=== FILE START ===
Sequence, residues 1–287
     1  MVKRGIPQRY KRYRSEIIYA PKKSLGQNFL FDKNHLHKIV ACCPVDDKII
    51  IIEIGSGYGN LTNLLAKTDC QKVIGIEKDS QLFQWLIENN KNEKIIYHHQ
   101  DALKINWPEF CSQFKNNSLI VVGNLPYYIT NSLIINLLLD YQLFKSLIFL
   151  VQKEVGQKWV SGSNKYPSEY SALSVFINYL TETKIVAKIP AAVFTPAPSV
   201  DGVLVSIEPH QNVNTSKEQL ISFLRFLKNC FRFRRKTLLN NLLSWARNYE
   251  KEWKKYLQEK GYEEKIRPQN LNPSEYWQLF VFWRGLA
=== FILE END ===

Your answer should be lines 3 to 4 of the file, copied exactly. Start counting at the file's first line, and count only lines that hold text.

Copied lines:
    51  IIEIGSGYGN LTNLLAKTDC QKVIGIEKDS QLFQWLIENN KNEKIIYHHQ
   101  DALKINWPEF CSQFKNNSLI VVGNLPYYIT NSLIINLLLD YQLFKSLIFL